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Friday, 15 June 2012 12:04

Three Samba geeks did what Red Hat is scared to do

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Nearly five years ago, three senior developers from the Samba project showed the rest of the FOSS community what could be achieved by resistance which was based on integrity.

Andrew Tridgell, Jeremy Allison and Volker Lendecke, along with investigators from the EU, wrested an agreement from Microsoft that made it mandatory for the software company to provide information about all its network protocols used to work with Windows Server to a new body, the Protocol Freedom Information Foundation.

Contrast the actions of these three geeks with that of Red Hat, a billion-dollar company, that is willing to go along with Microsoft's ruse of a secure boot process. A process that will in no way reduce the amount of malware that Windows attracts, much in the way that dogs attract fleas.

And remember: nobody asked Tridgell, Allison or Lendecke to get involved. They joined Sun Microsystem's 1998 complaint to the EC about Microsoft's refusal to provide needed information for Sun to develop software that could work with Microsoft Active Directory.

Provision of this information was mandated under the settlement of the anti-trust case which was filed against Microsoft in the 1990s - and Redmond was resisting even the law of the land!

None of these three developers is a millionaire. But they have one thing in spades that Red Hat, as a company, appears to lack - integrity. I have met and spoken to Tridgell and Allison, but not Lendecke; one can, however, gauge the depth of professional honesty that all three bring to the table by meeting any of them.


What the three Samba developers achieved - with help from kernel developer Alan Cox, and two free software stalwarts, Eben Moglen and Carlo Piana - benefits every single developer in the FOSS community. They gained nothing from it in terms of money - they all work for a project that produces free software.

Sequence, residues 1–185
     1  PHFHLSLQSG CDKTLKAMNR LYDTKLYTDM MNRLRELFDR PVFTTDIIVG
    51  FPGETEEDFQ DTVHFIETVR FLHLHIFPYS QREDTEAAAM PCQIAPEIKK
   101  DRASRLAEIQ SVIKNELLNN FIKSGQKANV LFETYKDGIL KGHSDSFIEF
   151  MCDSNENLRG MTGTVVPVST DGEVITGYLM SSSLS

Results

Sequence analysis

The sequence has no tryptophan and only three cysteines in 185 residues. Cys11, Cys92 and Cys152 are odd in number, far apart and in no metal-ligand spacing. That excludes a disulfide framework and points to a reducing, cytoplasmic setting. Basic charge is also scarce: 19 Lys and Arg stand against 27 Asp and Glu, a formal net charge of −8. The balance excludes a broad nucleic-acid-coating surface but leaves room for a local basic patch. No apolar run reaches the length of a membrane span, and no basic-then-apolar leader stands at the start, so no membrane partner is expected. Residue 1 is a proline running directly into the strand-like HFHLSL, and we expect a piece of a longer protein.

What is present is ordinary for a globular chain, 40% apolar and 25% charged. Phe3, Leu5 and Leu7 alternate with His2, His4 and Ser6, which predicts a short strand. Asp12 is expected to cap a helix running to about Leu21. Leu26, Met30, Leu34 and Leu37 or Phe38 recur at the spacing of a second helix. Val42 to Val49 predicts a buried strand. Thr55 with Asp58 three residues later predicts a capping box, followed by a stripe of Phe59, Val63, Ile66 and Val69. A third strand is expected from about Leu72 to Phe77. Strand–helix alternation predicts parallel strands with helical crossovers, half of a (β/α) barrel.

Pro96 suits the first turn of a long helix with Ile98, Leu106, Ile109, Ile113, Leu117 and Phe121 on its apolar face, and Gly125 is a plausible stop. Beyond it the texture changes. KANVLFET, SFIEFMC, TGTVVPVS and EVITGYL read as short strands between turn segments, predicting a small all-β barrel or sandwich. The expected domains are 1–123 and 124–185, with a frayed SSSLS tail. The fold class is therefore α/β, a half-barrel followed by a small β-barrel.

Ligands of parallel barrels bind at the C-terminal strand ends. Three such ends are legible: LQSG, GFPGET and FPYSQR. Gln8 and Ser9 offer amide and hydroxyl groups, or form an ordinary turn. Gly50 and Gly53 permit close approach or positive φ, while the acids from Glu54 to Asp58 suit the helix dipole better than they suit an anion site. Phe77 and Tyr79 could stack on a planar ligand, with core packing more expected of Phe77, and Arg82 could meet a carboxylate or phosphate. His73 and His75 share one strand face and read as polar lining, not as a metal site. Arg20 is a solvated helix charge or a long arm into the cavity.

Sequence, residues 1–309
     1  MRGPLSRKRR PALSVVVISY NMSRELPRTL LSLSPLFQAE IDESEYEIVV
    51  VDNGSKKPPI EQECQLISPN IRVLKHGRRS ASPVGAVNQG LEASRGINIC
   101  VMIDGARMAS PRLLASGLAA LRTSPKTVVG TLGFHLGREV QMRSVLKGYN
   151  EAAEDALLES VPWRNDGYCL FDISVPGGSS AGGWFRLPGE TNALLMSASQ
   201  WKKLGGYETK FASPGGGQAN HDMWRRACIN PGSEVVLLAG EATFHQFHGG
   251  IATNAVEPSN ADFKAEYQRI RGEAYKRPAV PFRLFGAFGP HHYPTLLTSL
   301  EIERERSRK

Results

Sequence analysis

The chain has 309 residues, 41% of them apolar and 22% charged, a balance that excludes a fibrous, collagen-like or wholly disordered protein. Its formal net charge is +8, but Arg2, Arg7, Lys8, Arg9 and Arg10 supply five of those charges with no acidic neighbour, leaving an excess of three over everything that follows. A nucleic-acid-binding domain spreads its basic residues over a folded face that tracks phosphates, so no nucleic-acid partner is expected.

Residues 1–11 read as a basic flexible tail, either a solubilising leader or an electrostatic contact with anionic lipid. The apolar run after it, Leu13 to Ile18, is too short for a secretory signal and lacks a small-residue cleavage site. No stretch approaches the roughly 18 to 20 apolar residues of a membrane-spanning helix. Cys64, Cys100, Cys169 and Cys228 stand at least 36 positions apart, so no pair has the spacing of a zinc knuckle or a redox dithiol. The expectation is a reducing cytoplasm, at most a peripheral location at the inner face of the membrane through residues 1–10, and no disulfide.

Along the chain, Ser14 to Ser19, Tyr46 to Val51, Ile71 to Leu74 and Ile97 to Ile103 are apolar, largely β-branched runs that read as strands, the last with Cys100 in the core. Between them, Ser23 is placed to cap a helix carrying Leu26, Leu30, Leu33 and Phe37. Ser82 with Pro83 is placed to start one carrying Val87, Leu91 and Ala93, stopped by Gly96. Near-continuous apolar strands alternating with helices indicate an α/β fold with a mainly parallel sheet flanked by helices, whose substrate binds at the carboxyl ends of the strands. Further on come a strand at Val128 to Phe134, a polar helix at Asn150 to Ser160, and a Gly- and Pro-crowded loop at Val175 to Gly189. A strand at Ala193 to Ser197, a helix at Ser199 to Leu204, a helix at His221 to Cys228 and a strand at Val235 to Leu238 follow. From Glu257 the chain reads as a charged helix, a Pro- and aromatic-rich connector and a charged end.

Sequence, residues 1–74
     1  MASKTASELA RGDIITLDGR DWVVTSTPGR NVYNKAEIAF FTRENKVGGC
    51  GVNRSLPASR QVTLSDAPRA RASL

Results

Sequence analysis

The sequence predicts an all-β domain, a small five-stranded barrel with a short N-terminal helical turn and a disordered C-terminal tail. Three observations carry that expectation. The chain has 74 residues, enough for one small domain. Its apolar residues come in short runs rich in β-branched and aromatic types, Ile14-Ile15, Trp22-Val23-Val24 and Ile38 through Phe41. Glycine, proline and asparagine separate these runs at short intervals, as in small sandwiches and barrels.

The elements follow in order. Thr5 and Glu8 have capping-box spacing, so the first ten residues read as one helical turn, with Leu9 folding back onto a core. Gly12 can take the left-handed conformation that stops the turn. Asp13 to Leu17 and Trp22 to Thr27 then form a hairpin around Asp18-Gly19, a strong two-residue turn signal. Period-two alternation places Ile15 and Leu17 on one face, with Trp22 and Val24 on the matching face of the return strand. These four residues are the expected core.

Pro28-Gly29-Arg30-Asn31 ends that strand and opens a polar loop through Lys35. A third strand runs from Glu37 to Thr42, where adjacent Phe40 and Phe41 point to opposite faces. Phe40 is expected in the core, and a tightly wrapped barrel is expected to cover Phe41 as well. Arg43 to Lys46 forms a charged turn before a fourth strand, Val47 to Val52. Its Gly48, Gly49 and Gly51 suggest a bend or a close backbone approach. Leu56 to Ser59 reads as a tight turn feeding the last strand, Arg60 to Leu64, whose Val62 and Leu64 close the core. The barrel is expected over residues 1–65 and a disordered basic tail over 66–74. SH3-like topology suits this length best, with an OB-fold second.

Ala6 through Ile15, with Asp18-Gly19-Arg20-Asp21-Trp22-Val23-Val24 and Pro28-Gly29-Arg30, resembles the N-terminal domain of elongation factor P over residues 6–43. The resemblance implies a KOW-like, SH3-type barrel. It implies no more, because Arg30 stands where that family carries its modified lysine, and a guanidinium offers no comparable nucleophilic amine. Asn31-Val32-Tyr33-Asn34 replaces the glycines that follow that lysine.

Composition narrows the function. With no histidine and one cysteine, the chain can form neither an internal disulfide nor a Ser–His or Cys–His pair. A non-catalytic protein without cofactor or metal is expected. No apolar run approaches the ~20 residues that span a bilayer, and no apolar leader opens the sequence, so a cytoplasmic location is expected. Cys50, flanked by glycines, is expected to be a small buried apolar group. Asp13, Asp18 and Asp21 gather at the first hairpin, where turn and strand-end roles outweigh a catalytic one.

But what of Red Hat? It is the biggest GNU/Linux company, bar none. Yet all it can do is bend over and play ball with a convicted monopolist. And it also justifies that action by trotting out one of its best and brightest, Matthew Garrett, to justify the whole thing.

As I've written before, this whole secure boot business is just the latest ruse by Redmond to try and lock GNU/Linux out of the market. It is the last throw of the dice by a company that has failed miserably to gain traction in the music, mobile, tablet and search markets. It can hear the fat lady approaching.

The company's CEO, one Steve Ballmer, has bet the organisation's future on one technology - Windows 8. If it turns out to be anything other than super-successful, there will be some vacant land available for occupation in Redmond in a few years' time.

And in this clime, all those huge companies which earn their profits from Linux, have nothing to say. IBM, Intel, HP, Facebook, Google, Oracle, Red Hat, Novell, Canonical, Samsung, HTC, and LG collectively have - as 'Allo 'Allo actor, the late Carmen Silvera, often described her stage husband, Rene, as having - "the courage of a chicken. A little chicken." Secure boot? A double-helping for me, please, sir.

There is something called ethics. And then there is something called situational ethics. That seems to be the big difference between those men from Samba and Red Hat.

 


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Sam Varghese

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Sam Varghese has been writing for iTWire since 2006, a year after the site came into existence. For nearly a decade thereafter, he wrote mostly about free and open source software, based on his own use of this genre of software. Since May 2016, he has been writing across many areas of technology. He has been a journalist for nearly 40 years in India (Indian Express and Deccan Herald), the UAE (Khaleej Times) and Australia (Daily Commercial News (now defunct) and The Age). His personal blog is titled Irregular Expression.

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